Such a high calling therefore as this; sends not for those drossy spirits that need the lure and whistle of -earthly preferment, like those animals that fetch and carry for a morsel ; no. She can find such as therefore study her precepts, because she teaches to despise preferment. **
Let the novice learn first to renounce the world, and so give himself to God, and not therefore give himself to God, that he may close the better with the world, like that false shepherd Palinode in the eclogue of May, under whom the poet lively personates our prelates, whose whole life is a recantation of their pastoral vow, and whose profession to forsake the world, as they use the matter, bogs them deeper into the world. Those our admired Spenser inveighs against, not without some presage of these reforming times :
The time was once and may again return,
The shepherds God so well them guided,
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APOLOGY FOR SMECTYMNUUS.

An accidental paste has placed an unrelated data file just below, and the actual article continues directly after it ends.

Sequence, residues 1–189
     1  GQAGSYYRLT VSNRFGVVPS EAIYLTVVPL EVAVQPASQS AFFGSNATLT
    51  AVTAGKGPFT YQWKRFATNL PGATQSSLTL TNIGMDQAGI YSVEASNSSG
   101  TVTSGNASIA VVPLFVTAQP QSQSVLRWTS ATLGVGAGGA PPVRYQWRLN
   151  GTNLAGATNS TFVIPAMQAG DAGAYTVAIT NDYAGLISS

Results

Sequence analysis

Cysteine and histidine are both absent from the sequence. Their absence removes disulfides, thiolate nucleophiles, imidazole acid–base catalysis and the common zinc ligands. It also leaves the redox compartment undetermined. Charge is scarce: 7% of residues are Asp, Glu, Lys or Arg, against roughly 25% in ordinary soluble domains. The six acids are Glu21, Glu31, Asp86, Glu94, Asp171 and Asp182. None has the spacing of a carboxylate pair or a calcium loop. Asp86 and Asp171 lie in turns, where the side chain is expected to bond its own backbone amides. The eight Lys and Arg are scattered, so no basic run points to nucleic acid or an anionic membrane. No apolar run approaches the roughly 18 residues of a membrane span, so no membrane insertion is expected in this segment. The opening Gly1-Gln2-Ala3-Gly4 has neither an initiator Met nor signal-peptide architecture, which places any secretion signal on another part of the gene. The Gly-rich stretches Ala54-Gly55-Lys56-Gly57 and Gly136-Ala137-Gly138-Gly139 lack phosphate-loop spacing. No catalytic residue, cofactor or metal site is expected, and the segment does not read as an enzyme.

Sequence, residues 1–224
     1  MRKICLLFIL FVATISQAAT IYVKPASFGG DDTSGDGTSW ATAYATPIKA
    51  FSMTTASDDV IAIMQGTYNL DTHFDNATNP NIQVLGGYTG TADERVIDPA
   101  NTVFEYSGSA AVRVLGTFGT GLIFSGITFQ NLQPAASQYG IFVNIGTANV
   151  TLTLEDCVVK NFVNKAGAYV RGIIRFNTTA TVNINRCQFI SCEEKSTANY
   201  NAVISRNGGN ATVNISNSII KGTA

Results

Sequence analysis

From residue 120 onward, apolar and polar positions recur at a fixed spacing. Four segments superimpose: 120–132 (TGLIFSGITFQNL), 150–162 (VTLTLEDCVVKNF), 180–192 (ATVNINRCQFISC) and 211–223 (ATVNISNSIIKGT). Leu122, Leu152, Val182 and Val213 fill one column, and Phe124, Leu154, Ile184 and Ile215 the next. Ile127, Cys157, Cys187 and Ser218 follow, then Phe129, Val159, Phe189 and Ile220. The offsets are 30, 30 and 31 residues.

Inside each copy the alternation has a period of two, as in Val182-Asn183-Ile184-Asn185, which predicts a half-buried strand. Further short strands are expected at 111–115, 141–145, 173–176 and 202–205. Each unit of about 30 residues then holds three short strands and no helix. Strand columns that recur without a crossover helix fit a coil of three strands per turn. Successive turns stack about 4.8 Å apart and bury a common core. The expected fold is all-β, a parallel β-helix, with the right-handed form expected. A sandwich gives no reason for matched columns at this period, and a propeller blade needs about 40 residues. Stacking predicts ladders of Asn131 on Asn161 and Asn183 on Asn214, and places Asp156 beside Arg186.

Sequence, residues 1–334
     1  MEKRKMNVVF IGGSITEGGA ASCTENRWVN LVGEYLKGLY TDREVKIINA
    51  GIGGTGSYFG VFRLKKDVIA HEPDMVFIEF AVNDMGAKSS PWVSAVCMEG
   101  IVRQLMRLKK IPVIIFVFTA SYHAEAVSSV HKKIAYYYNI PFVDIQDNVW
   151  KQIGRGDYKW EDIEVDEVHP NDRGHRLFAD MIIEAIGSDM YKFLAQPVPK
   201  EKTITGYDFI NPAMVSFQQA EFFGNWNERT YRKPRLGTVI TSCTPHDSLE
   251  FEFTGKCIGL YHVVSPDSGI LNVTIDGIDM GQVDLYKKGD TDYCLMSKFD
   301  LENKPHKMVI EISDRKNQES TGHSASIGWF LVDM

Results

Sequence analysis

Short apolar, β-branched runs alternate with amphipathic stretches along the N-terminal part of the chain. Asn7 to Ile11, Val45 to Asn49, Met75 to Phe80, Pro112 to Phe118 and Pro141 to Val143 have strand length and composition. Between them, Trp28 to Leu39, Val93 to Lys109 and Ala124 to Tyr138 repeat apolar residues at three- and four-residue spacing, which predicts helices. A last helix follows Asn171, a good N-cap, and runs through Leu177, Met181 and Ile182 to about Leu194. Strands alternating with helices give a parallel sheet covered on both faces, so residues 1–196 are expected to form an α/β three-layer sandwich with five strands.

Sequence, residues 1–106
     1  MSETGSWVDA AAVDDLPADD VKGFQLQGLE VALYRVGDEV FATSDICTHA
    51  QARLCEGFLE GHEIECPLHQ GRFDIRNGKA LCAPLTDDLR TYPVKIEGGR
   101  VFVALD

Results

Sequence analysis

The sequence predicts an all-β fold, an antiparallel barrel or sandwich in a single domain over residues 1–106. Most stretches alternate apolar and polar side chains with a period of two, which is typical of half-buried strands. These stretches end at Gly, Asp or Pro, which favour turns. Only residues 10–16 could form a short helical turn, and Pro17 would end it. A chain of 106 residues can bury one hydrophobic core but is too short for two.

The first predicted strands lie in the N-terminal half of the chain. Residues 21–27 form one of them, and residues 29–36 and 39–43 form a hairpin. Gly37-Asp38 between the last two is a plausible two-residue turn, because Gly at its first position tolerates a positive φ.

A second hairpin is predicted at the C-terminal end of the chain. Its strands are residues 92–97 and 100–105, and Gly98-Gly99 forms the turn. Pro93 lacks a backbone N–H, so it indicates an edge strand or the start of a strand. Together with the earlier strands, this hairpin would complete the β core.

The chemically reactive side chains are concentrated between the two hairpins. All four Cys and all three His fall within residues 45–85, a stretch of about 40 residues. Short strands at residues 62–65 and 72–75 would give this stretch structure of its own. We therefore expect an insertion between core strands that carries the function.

BECAUSE I observe that fear and dull disposition, lukewarmness and sloth, are not seldomer wont to cloak themselves under the affected name of moderation, than true and lively zeal is customably disparaged with the term of indiscretion, bitterness, and choler; I could not to my thinking honour a good cause more from the heart, than by defending it earnestly, as oft as I could judge it to bebove me, notwithstanding any false name that could be invented to wrong or undervalue an honest meaning. Wherein although I have not doubted to single forth more than once such of them as were thought the chief and most nominated opposers on the other side, whom no man else undertook; if I have done well either to be confident of the truth, whose force is best seen against the ablest resistance, or to be jealous and tender of the hurt that might be done among the weaker by the intrapping authority of great names titled to false opinions ; or that it be lawful to attribute somewhat to gifts of God's imparting, which I boast not, but thankfully acknowledge, and fear also lest at my certain account they be reckoned to me rather many than few ; or if lastly it be but justice not to defraud of due esteem the wearisome labours and studious watch